Babies who are born much too soon or who arrive weighing too little may not score as high on intelligence tests during childhood as full-term infants, a research review suggests.
Researchers examined data from 71 previously published studies that included a total of 5,155 full-term babies and 7,752 of the most vulnerable preemies: those born at less than 32 weeks gestation or weighing less than 1,500 grams (3.3 pounds).
Overall, intelligence quotient (IQ) tests typically completed sometime from age 5 to age 20 showed that preemies typically lagged behind their full-term counterparts. On average, preterm youth underperformed on the IQ tests by the equivalent of about 13 points.
“The progress in neonatal health care that has been made since the 1990s considerably increased the survival of preterm infants,” said lead study author Sabrina Twilhaar of the Vrije Universiteit Amsterdam, Academic Medical Center.
“However, this improvement in survival was not accompanied by improvement of cognitive outcomes,” Twilhaar said by email.
Pregnancy normally lasts about 40 weeks, and babies born after 37 weeks are considered full term. Half of the preemies in the study were born before 28.5 weeks gestation and half of them arrived weighing less than about 1,000 grams (2.2 pounds)
In the weeks immediately after birth, preemies often have difficulty breathing and digesting food. They can also encounter longer-term challenges such as impaired vision, hearing and cognitive skills, as well as social and behavioral problems.
Each additional week of pregnancy that babies missed with preterm deliveries was associated with a 1.26-point reduction in IQ scores, researchers report in JAMA Pediatrics.
Based on the lower scores for preemies in the study, researchers estimated that about 16 percent of the earliest arrivals would have a serious intellectual disability, compared with about 2.5 percent in the total population.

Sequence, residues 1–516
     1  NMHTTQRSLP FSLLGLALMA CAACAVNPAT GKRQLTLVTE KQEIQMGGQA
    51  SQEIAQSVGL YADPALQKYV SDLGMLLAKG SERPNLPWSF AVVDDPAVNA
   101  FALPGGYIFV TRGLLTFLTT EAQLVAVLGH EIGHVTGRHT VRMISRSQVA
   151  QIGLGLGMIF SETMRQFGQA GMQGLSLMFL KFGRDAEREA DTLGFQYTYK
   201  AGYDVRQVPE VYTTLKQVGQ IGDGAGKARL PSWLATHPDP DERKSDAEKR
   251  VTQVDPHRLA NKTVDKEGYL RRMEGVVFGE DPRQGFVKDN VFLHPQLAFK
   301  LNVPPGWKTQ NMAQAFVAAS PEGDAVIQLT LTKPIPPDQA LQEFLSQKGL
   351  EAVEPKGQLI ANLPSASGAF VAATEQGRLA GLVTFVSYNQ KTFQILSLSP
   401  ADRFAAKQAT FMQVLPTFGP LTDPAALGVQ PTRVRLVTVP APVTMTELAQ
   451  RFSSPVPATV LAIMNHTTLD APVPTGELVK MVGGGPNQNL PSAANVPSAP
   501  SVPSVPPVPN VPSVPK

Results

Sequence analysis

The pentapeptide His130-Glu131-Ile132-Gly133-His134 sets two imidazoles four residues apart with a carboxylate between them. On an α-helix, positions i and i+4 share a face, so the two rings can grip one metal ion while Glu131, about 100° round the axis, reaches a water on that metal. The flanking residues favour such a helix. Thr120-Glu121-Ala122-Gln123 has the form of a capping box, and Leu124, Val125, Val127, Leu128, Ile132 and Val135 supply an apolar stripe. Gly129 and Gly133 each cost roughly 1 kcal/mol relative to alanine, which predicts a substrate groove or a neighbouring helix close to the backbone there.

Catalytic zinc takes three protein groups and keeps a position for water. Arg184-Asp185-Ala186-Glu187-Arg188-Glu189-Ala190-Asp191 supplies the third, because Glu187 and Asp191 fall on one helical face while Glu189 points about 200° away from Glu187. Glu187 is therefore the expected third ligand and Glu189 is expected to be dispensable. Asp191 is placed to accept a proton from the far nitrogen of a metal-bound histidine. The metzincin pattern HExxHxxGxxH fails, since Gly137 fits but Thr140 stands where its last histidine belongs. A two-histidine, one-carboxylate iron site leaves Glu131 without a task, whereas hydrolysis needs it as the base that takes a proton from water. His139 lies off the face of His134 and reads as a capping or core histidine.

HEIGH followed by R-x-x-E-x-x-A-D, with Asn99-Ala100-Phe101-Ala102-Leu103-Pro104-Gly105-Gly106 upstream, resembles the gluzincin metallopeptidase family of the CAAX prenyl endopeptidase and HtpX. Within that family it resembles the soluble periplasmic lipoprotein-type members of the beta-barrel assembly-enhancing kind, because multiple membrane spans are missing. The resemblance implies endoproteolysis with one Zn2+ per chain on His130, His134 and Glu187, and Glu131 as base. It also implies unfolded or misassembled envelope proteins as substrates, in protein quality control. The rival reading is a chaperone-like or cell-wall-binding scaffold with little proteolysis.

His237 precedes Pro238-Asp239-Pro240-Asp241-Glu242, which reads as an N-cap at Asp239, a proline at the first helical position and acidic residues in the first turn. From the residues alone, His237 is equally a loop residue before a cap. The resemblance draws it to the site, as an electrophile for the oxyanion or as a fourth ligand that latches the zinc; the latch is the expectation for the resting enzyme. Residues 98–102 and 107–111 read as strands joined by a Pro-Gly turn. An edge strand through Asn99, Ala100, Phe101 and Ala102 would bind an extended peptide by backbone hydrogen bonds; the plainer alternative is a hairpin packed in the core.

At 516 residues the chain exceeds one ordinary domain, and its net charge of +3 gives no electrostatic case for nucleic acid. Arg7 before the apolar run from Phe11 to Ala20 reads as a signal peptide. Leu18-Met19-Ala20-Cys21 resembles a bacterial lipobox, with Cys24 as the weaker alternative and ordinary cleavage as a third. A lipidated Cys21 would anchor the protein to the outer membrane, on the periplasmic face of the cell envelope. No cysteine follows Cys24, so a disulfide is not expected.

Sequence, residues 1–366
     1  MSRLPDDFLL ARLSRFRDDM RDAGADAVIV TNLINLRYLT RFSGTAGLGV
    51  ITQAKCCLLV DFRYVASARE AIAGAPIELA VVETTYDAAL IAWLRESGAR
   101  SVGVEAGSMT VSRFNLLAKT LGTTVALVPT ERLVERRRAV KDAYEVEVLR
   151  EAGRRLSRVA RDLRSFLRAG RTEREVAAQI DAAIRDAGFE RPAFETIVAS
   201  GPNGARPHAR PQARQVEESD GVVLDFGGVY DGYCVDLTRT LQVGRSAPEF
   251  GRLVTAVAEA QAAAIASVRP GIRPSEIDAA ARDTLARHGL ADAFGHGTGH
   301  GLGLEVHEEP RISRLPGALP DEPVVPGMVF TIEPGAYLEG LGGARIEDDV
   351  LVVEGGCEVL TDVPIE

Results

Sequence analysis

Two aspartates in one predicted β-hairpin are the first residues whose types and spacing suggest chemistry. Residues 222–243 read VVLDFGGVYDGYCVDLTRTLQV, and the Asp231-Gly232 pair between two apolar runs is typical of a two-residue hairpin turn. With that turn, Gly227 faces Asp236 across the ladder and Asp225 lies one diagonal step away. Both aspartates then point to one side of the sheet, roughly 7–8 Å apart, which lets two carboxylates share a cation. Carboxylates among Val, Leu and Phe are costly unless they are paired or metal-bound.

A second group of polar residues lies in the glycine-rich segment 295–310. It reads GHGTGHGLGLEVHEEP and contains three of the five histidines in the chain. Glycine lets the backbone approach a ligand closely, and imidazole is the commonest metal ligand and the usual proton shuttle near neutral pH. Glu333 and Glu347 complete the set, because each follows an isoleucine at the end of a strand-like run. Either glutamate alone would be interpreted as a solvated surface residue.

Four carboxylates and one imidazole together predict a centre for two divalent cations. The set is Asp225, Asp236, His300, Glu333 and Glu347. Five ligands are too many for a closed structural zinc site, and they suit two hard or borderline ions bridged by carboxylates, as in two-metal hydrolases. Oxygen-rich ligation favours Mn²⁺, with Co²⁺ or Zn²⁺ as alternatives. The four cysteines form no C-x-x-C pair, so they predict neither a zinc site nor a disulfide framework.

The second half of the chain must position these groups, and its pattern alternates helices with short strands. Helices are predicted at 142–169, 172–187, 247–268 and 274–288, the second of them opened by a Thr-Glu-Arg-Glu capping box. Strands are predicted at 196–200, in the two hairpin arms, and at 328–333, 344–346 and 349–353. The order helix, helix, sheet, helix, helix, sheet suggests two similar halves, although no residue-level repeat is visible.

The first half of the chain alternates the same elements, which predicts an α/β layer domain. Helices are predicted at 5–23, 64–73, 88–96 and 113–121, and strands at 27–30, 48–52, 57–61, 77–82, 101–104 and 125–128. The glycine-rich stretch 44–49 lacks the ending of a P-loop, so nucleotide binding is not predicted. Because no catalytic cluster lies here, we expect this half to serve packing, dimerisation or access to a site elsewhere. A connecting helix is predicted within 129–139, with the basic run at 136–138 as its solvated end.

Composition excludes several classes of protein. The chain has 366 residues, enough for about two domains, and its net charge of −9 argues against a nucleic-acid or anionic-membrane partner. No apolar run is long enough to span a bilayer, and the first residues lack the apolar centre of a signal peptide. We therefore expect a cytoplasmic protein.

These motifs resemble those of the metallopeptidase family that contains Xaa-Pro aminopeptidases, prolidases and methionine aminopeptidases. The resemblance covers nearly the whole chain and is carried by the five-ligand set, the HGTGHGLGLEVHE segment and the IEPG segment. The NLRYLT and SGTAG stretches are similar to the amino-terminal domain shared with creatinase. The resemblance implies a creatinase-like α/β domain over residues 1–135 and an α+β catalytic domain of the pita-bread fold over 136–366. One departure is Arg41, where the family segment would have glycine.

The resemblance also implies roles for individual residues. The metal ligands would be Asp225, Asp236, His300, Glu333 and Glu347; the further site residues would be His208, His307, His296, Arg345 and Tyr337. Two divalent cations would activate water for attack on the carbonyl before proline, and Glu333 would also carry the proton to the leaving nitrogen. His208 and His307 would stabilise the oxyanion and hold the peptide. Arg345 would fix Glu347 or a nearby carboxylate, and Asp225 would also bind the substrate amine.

Babies in the analysis were born between 1990 and 2008, and the results didn’t appear to differ based on year of birth.
Preemies who had what’s known as bronchopulmonary dysplasia, a chronic lung disease associated with the long-term use of oxygen and mechanical ventilation to help them breathe, did appear to fare worse on IQ tests than preterm infants who didn’t receive these interventions.
This suggests that interventions to lower the risk of this lung disease could help improve cognitive outcomes for preemies, said Robert Joseph, a researcher at Boston University School of Medicine who wasn’t involved in the study.
“The factors that contribute to the development of these illnesses are not completely understood, but probably include infections, oxidative stress, nutritional deficiencies arising from preterm birth, and therapies that are needed to assure the survival after very preterm birth, such as mechanical ventilation,” Robert said by email.
The study wasn’t a controlled experiment designed to prove whether or how a premature delivery might directly cause intelligence deficits. Researchers also lacked data on certain demographic factors that might independently impact the odds of a low IQ.
Even so, parents of preemies should be aware of the potential for intellectual deficits because early interactions between parents and babies can help the brain develop cognitive skills, said Riikka Pyhala, a researcher at the University of Helsinki in Finland who wasn’t involved in the study.
Parents should also understand that IQ is an imperfect indicator of cognitive abilities or how well children might succeed in school, Pyhala said by email.
“Behind this general IQ score, every child has their individual strengths and weaknesses in more specific cognitive skills such as verbal or visual reasoning, working memory and attention,” Pyhala said. “For those children who have cognitive problems or difficulties in learning, detailed knowledge on these specific cognitive abilities gives us tools to support their learning in an optimal way.”
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